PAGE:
How do you deal with missing data when using linear regression modelling strategies? What is the best way to inform business users about how this might impact the validity and reliability of the regression model's findings?

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Associate Director, Data Science & Analytics in Travel and Hospitality, 501 - 1,000 employees
There is no easy way out here, unfortunately. Linear regression cannot handle missing values, so you have to either impute the missing values, or drop the entire row with any missing value. Both of these approaches can bias any inference from the model.

You will have to take a judgment call after analyzing why the values are missing.

Are there any patterns with the missing values? Then it is better to impute.

Do only few columns have missing values, and that too only a few of them? Then you may just drop the rows with missing values.

There are whole chapters written about handling missing values, but no conclusion that you can directly use.
President, CEO, & CDAO in Services (non-Government), Self-employed
I pretty much agree with Rajesh's comment.

It depends on how much data is missing, if the data is missing at random or if there is a systematic pattern (bias), the amount of variability in the data and the presence of outliers.  If there is a systematic pattern in the missing data, that could be problematic.  One thing that can be helpful is to eliminate columns with missing data, especially if there is multicollinearity in your dataset (the column with missing data is strongly correlated with other columns in your dataset). I would recommend running the analysis with the missing data omitted (rows and or columns) and again with imputation and compare the results.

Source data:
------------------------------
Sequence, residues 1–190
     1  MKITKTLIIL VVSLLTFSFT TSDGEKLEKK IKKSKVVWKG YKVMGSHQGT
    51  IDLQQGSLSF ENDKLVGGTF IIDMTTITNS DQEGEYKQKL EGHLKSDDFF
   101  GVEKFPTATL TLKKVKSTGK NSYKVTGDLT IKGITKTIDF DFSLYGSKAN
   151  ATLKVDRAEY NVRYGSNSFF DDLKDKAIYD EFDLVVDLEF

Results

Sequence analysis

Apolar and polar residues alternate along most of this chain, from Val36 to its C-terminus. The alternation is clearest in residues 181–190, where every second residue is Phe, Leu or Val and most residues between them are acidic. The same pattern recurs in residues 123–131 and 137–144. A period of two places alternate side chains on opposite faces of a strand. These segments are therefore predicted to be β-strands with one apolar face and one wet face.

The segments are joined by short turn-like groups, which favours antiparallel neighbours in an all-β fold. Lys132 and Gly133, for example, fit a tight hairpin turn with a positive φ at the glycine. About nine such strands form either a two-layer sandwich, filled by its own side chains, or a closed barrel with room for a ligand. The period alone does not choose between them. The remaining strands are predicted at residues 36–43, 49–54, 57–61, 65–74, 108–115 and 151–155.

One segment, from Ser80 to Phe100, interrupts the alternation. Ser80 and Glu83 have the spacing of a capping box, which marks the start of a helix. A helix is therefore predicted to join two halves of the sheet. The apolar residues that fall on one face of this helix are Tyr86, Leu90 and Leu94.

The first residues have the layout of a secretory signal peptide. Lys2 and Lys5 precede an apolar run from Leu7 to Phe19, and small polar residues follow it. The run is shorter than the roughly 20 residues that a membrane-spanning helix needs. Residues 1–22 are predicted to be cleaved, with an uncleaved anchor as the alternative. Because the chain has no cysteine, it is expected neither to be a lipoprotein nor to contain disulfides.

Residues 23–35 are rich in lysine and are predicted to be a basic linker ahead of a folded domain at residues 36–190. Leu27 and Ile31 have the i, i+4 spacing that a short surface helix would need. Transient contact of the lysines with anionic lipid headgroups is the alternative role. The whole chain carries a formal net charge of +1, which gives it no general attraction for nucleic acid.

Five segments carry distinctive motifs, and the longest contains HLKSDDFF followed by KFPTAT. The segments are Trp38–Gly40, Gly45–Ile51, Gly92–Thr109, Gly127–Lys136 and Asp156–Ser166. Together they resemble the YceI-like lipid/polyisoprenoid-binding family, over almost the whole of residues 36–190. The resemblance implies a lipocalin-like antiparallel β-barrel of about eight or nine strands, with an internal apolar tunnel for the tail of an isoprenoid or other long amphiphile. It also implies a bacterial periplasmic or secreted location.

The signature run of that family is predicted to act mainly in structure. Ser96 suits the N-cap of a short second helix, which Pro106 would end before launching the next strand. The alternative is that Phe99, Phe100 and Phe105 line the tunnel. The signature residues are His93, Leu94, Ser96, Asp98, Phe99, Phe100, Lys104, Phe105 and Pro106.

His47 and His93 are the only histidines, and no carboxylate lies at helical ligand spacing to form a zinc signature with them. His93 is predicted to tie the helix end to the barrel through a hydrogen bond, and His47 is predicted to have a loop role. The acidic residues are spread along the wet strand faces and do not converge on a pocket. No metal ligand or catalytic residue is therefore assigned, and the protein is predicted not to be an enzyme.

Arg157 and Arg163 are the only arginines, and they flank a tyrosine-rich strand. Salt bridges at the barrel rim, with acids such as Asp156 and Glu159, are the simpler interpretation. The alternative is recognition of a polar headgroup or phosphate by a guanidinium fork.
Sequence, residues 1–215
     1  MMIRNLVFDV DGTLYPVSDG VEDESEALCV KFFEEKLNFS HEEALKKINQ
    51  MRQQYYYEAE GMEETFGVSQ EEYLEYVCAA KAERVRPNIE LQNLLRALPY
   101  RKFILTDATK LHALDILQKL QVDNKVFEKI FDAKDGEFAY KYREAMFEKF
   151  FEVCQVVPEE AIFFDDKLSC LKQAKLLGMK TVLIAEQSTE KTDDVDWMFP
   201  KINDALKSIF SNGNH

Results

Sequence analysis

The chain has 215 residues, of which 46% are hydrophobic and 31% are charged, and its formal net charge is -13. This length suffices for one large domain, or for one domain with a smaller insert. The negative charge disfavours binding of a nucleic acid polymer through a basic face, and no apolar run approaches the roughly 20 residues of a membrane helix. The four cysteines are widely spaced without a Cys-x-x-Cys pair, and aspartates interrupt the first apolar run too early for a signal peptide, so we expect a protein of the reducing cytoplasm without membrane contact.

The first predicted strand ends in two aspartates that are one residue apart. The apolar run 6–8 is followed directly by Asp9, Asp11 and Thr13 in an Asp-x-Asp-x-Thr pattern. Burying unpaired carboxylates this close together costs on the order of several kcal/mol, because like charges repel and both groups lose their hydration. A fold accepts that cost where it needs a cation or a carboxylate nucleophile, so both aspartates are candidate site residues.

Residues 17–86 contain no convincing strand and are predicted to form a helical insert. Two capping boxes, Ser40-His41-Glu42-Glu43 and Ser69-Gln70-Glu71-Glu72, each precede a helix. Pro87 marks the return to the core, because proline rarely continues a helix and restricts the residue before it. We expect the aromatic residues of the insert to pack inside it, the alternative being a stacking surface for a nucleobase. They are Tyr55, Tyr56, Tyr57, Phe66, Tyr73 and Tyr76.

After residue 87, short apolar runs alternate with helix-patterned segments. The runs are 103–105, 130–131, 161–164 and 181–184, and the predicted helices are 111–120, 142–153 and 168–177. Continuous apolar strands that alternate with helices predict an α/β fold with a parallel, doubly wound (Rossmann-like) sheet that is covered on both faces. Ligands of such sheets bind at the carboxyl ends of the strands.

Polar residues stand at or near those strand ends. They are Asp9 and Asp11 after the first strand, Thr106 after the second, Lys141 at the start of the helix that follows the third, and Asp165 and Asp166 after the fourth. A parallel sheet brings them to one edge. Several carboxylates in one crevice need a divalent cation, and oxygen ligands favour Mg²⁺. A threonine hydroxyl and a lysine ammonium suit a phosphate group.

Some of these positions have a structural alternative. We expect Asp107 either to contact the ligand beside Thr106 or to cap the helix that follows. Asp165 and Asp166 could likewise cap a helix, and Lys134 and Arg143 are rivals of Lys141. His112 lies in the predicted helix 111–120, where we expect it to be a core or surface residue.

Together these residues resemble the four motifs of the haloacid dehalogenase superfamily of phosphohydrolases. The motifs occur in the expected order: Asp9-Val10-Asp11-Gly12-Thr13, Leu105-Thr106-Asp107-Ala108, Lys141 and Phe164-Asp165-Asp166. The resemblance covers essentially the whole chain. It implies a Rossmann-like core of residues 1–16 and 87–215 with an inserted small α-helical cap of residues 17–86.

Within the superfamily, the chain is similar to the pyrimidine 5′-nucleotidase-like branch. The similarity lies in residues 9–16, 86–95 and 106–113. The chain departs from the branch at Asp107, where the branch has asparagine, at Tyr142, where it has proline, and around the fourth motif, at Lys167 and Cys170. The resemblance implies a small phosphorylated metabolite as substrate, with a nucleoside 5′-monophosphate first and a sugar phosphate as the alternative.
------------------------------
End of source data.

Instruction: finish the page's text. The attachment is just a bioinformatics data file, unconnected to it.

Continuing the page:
VP of Data in Banking, 10,001+ employees
This can be tricky but the optimal approach to handle missing data depends on a few factors. Examples

1.       How much do you know of the space – is the behaviour and shape consistent or not? i.e., do you understand the general behaviour, shape of the context from which the data is coming from? Always skewed-one way, always normal etc.


2.       How many data points are missing? If the missing data points are few, less than 5% of the data-set, I can pull a random sample that matches a minimum level of confidence that is practical to the problem being solved (let us say 95%). I have done this once, where a randomized pull gave me zero missing values off the population. Then run the sample vs. the whole data set, assess the shape, key stat summaries. If all OK, then this may be a viable option.


3.       Depending on shape of the data set, the option to replace missing values with Mean, Median may not bias your outcomes enough to inform a different decision.


4.       Decision sensitivity. Do you need directional or precise clarity?

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